Friday, April 15, 2016

Daily Thought For April 15, 2016

Love, Sorrow, & Fruitfulness

One of the most important things in the spiritual life is to understand well the close relationship between love and sacrifice. It is easily understood that love is the basis of perfection, and the soul delights in confirming it. For love marvelously corresponds to something deep that the soul bears in its interior: a vital yearning that is vehement and, in a certain sense, unparalleled. And when we come in contact with what is fleeting and superficial, the emptiness of the affections of earth, we impetuously fling toward divine love. That love is so profound that it reaches to the deepest part of our soul, into regions that mundane affections never touch. It is so perfect that it satisfies forever without ever tiring. It is so enduring that it is immortal and so abiding that nothing and no one can uproot it when it has implanted itself in our heart.

Frequently, however, one has an inexact concept of love.… It [the soul] does not understand that in this life, to love is to suffer, that on this earth, the eternal symbol of love is the cross of Christ.…
When we come to understand that perfection consists in love, and that this love is attained, conserved, and consummated only by sacrifice, then we have found the path of sanctity, for then we have entered the luminous region of truth.…

Love snatches the soul from all things, even from itself, and places it in ineffable and magnificent solitude.… Ordinarily we do not take account of the solitariness that love causes in our hearts except when separation or death deprives us of that beloved object upon whom love centers our lives and our beings, after isolating us from all other things. Who has not felt this? The world has not changed. Life follows its course, the sky remains blue, flowers diffuse their perfumes, birds sing, the sun warms and gives life, the same things surround us and the same people associate with us. But alas, one thing is absent, one thing alone. It is enough to make us feel lonely in the midst of a multitude, to induce a vast void in the soul, to make the earth appear to us like a desert.…

… [T]here is no comparison between the solitariness produced by human love and that which divine love demands, for there is no comparison between these two loves. Human love is shallow, divine love is profound. The first is partial and fragmentary; it never completely embraces the heart. The second is entire, absorbing, unparalleled. Human love has its own tint, and excludes at least all affections of that shade, but divine love embraces all colors, and consequently it excludes all other loves.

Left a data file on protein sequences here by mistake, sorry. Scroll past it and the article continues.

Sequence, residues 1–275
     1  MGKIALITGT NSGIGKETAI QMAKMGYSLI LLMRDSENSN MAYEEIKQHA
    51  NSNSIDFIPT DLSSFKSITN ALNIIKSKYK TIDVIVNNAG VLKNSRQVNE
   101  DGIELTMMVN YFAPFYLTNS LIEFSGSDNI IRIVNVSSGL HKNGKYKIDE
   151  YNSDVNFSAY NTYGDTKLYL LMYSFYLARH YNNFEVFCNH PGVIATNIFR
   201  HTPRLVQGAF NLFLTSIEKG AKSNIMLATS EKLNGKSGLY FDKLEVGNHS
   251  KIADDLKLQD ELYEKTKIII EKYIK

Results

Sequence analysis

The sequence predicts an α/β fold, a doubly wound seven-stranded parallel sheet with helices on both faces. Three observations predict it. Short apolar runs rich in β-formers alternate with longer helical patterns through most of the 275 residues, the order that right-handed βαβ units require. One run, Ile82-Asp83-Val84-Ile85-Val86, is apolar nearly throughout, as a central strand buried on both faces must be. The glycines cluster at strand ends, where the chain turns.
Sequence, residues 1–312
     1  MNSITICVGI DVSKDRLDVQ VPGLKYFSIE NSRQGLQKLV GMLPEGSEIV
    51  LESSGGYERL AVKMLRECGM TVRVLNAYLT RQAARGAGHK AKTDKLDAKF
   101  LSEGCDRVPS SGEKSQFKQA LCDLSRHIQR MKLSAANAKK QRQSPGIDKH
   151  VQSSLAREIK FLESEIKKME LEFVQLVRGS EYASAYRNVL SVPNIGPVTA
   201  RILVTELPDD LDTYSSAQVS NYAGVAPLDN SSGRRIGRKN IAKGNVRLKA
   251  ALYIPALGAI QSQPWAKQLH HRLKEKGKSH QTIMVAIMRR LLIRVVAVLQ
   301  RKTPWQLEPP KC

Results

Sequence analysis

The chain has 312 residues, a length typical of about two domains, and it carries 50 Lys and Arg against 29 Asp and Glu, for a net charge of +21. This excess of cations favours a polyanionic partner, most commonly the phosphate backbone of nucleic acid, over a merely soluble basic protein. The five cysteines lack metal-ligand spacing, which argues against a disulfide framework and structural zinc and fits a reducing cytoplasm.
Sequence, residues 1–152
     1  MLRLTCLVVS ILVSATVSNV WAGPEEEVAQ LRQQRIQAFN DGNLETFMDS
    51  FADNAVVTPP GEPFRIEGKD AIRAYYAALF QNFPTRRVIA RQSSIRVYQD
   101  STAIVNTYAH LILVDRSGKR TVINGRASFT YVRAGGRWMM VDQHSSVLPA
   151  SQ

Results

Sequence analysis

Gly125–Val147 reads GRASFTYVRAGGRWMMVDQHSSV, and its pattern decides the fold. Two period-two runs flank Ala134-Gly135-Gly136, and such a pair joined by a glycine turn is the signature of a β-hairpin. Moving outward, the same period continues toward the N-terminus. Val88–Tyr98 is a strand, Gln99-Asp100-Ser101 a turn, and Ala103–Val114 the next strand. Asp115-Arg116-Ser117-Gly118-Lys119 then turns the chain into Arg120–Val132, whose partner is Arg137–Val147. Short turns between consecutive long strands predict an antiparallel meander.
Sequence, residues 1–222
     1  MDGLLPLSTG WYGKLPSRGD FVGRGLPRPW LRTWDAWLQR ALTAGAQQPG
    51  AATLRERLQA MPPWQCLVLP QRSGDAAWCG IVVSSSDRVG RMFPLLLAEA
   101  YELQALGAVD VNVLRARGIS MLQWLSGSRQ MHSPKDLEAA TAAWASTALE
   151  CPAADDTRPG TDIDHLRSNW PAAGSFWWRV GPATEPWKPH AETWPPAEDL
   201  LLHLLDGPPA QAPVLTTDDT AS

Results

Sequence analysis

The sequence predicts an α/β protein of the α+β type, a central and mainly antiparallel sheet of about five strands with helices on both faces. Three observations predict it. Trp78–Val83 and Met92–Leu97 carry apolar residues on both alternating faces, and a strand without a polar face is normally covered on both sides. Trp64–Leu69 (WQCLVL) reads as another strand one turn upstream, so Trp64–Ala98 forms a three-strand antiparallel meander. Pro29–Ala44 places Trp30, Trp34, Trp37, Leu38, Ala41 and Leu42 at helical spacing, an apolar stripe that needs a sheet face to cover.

… [W]hat can I give to God, if he is in himself eternally rich, happy, the fount of love, and ocean of beatitude? What can I give him, if I receive everything from him?

Lord, I feel the compelling need to love you. It is my duty, my glory, my happiness. If I do not love you, my life has no reason for being. O God of love! If love consists in giving, how can I love you? And if I cannot love you, how can I live?

There is one thing I can give to God, only one; I can give him glory. The universe was created for the glory of God. Christ lived and the Church exists for the glory of God. I ought to live for the glory of God. To love God is to give him glory. The motto of Saint Ignatius, “For the greater glory of God,” is the supreme formula of love.…

When I give glory to God, I do a divine work. My action has the same end as the action of God. I rise above all created things. I enter into the thoughts and desires of God. If it were known what the glory of God is, one would think of nothing else. One would love that glory as the saints have loved it, passionately, regarding as lost every action that did not have it as its purpose.…

Heaven is the country of love, yet on earth one can burn with seraphic love. With Jesus and love, everywhere is heaven. There is one difference between the heaven of time and the heaven of eternity. No one will suffer in the latter. Here, suffering abounds. Does not this difference give a certain advantage to the earthly heaven? Is the value of suffering understood? Is its excellence esteemed? Is its beauty known? The only thing that the angels would envy us, if they were capable of envy, would be suffering. God fell in love with this precious pearl hidden among life’s miseries. He loved it, came and died from it. The angels cannot say to God: “I love you even to sacrifice, even to death.” Only human beings can taste the delicacy of that phrase.

—Excerpts from Secrets of the Interior Life, pp. 59–62;
Only Jesus, pp. 97–99, 101



Martinez, L. (2011). Secrets of the Spirit: Wisdom from Luis Martinez. (G. Santos, Ed.) (pp. 19–22). Boston, MA: Pauline Books & Media.